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Did You Hire the Right Inside Sales Rep?


There is no greater point of anxiety for all of us then that moment in time where we question whether or not we hired the right guy\gal as a inside sales rep.  Teleprospecting is not an easy gig.  At most companies the burnout rate is far higher for teleprospecting in comparison to other job functions.  You are right in having some healthy anxiety about your new hire.  Will he\she cut it on the phones?  Do they have the work ethic that is required to be a great teleprospector?  Will they fit into your culture?  Most importantly…will they hit their number?

We’ve all got great hiring processes in place I’m sure.  We ask the right questions, run personality profiles, put potential hires through role plays, and do our best to select the best person for the job.  However, there is only so much you can do on the interviewing side of the equation.  Inevitably you are going to have a bad one slip into the ranks.  I have some things you can look for during the first few days of a new rep being on the phone that should give you a good indication as whether or not you’ve hired a keeper. 

  1. The activity test:  If you’ve hired well, you have placed a person in the seat that understands that mistakes will be made.  You can only prepare a new hire for some of the things they will face on the phone.  They are, after all, calling humans, and humans have a way of reacting in new and interesting ways all the time.  That being said, you do your best to prep your new rep for all the things they will hear on the phone and see via email.  Sadly, mistakes will be made.  It’s a part of life.  You’ve got to hope you’ve hired someone that “get’s it”.   Someone that understands that mistakes will happen, but the key is not just to learn from them - the key is to make as many as early as possible so that you are up to altitude faster.  I know a rep has a high likelihood of being great when they simply make more calls than the comp plan calls for.  They understand that more activity up front accomplishes many positive things for them.  It leads to more conversations faster so that they can get their hiccups out of the way earlier.  They know that more conversations\calls at the start is necessary because they must do that in order to hit their lead goals due to the fact that they aren’t a seasoned vet yet.  This also tells you that they aren’t afraid to tell the boss “yeah, I’m not afraid to make more calls than you asked me to”.  Finally, it is a great indication of overall quality work ethic.  People that put their best effort forward right out of the gates are most likely bringing the right work ethic to your team.  All good things.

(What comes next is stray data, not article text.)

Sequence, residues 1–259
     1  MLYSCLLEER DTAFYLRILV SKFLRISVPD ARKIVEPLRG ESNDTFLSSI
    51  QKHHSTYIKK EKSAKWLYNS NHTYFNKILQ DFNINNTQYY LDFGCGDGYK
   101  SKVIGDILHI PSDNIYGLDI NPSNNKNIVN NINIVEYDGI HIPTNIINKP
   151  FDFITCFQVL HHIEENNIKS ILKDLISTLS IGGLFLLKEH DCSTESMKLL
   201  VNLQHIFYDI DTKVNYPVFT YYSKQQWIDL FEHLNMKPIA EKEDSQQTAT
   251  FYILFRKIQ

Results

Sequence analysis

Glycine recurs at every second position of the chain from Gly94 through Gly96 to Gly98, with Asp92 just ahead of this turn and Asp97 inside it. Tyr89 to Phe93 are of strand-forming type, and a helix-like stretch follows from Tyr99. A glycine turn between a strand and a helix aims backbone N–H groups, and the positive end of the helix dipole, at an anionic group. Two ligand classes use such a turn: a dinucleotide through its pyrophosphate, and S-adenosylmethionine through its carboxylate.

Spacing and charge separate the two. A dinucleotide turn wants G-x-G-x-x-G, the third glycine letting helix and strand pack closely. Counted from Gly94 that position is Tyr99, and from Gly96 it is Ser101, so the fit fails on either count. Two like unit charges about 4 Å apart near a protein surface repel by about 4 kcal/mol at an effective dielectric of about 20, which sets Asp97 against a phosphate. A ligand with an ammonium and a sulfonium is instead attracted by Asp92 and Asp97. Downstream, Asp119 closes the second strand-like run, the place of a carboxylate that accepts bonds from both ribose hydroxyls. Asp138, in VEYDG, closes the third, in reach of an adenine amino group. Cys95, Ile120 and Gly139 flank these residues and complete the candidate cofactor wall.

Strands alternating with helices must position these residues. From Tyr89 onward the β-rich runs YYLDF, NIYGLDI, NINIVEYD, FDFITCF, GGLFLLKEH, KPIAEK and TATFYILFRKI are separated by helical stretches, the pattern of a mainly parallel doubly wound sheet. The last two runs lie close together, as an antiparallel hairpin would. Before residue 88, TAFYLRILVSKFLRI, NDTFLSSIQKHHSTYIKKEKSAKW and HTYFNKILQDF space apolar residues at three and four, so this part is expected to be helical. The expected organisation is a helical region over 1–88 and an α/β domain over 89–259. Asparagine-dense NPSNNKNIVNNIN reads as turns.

2. The quality test:  After your new rep has spent two days on the phone, run your “quality conversation” (QC) report from your  Look for three things on this report.  Total QC’s, Titles of the contacts associated with each QC, and the detail surrounding the conversations.  The total QC activity for a “Great” new hire should be at least 10% higher than that of your average rep.  The titles of the contacts should vary wildly as they try and get a feel for their target audience.  Varied contact titles also indicates that they are using “0#” techniques to find something…anything of value out about the target organization.  The detail or notes for each conversation should be well written and clear. This is self explanatory, decent writing skills are critical in this job.  If the notes are sloppy or make no sense, you may have a problem on your hands.
  3. The cultural test:  This one is tough for some people to swallow.  When I discuss this with people they often criticize me for placing too much emphasis on how my employees feel about one another.  We always agree to disagree on this point.  For AG, the culture is everything.  We’ve tried to create a place where people want to work.  A place they miss when they move on.  We’ve been successful in both areas so it is important that your new hire is exposed to that.  Make a point to see how they are introducing themselves to your team.  Do they gravitate towards your happiest and best performing employees...your “A” players?  Or do you see them not interacting much at all with anyone?  Either one of these is acceptable…however, be alarmed if you see your new hire gravitating towards your B and C employees.  This can be a harbinger of potentially not so great things to come.

There is no exact science to alleviating the anxiety around a new hire, but these are some things I’ve come to look for that have always proved to be great indicators as to the quality of my hire.  How do you put your mind at ease about your new hires?



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